Water Features
Providence Utah

The Origins Of Wall Fountains

A water fountain is an architectural piece that pours water into a basin or jets it high into the air in order to provide drinking water, as well as for decorative purposes.Origins Wall Fountains 14774576666905.jpg

Pure practicality was the original role of fountains. People in cities, towns and villages received their drinking water, as well as water to bathe and wash, via aqueducts or springs in the vicinity. Up until the 19th century, fountains had to be more elevated and closer to a water supply, including aqueducts and reservoirs, in order to benefit from gravity which fed the fountains. Artists thought of fountains as wonderful additions to a living space, however, the fountains also served to provide clean water and celebrate the designer responsible for creating it. The main materials used by the Romans to build their fountains were bronze or stone masks, mostly depicting animals or heroes. During the Middle Ages, Muslim and Moorish garden planners included fountains to create smaller depictions of the gardens of paradise. The fountains seen in the Gardens of Versailles were intended to show the power over nature held by King Louis XIV of France. Seventeen and 18 century Popes sought to exalt their positions by adding beautiful baroque-style fountains at the point where restored Roman aqueducts arrived into the city.

The end of the 19th century saw the rise in usage of indoor plumbing to supply drinking water, so urban fountains were relegated to strictly decorative elements. The creation of special water effects and the recycling of water were 2 things made possible by replacing gravity with mechanical pumps.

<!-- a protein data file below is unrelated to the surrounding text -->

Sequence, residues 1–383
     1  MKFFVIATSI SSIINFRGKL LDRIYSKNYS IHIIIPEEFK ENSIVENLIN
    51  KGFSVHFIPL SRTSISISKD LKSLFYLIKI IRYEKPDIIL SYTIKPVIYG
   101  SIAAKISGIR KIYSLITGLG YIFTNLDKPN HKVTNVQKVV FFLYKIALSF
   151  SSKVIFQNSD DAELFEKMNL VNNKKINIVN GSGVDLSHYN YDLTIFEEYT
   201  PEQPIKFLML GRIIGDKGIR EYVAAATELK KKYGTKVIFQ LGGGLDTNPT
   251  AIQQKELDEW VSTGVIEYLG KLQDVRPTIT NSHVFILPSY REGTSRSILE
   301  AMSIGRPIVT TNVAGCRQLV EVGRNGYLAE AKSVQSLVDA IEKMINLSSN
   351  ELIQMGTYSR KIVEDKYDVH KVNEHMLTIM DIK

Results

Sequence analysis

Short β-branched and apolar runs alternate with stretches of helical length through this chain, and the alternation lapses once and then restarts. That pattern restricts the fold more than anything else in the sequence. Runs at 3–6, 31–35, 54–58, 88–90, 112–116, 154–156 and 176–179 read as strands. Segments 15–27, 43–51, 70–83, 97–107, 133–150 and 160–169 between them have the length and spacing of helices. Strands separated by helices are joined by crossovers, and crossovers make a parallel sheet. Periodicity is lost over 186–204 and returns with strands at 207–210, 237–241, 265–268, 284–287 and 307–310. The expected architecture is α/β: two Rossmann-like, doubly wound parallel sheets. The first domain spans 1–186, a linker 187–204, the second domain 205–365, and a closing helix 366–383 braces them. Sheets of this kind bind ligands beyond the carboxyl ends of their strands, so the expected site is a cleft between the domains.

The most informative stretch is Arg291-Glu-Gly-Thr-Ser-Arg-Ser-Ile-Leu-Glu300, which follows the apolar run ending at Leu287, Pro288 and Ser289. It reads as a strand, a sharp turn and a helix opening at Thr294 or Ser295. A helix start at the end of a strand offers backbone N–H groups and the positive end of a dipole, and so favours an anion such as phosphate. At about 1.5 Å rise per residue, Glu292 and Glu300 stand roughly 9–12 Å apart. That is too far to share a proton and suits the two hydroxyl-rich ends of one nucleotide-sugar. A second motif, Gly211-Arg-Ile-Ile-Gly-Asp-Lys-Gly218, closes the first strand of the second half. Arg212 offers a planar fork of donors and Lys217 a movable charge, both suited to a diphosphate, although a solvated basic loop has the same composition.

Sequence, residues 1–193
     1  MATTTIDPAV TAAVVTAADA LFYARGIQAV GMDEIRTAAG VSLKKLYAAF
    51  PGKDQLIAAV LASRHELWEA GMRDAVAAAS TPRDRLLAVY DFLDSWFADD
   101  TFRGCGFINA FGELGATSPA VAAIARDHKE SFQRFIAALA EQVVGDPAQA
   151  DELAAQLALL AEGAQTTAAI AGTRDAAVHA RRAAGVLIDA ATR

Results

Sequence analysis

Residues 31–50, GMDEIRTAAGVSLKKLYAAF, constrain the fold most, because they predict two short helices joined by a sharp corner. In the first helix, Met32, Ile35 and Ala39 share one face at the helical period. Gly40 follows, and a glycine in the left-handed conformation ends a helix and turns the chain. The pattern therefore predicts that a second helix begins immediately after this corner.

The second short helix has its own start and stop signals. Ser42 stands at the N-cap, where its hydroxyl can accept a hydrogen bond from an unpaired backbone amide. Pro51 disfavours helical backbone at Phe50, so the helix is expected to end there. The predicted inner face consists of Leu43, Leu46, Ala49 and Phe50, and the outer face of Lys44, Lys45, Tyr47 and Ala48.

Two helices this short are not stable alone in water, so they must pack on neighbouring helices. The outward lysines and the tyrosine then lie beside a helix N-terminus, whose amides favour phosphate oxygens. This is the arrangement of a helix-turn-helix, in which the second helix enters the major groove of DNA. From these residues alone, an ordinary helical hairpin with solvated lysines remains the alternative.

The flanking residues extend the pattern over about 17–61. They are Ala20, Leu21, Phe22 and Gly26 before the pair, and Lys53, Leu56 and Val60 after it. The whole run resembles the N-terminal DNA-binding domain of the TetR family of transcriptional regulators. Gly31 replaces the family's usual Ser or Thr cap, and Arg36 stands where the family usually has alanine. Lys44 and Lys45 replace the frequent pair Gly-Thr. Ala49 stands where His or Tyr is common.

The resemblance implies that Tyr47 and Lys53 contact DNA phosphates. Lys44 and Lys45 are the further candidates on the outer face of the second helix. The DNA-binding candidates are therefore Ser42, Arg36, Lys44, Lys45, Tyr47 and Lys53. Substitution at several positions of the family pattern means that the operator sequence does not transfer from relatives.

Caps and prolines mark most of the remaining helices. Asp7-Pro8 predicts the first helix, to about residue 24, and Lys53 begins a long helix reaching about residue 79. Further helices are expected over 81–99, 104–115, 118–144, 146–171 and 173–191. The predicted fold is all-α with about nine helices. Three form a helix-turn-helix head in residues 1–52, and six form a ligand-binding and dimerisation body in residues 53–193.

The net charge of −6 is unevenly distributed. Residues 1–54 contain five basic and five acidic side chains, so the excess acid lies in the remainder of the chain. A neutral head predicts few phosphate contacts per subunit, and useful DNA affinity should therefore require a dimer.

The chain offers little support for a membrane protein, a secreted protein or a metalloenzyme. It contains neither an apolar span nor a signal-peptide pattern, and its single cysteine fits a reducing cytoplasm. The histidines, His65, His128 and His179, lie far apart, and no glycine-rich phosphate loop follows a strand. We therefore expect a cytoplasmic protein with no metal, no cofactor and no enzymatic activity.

Beautifying city parks, honoring people or events and entertaining, are some of the purposes of modern-day fountains.

Contemporary Statues in Early Greece

Traditionally, most sculptors were paid by the temples to adorn the elaborate pillars and archways with renderings of the gods, but as the era came to a close it grew to be more accepted for sculptors to portray ordinary people as well because many Greeks had begun to think of their religion as superstitious rather than sacred. Portraiture, which would be accepted by the Romans upon their annexation of Greek civilization became conventional as well, and thriving families would at times commission a rendering of their forebears to be situated in immense familial tombs. The use of sculpture and other art forms differed through the many years of The Greek Classical period, a time of creative growth when the arts had more than one goal. Greek sculpture is probably enticing to us nowadays seeing that it was an avant-garde experiment in the historic world, so it doesn't matter whether or not its original purpose was religious zeal or artistic pleasure.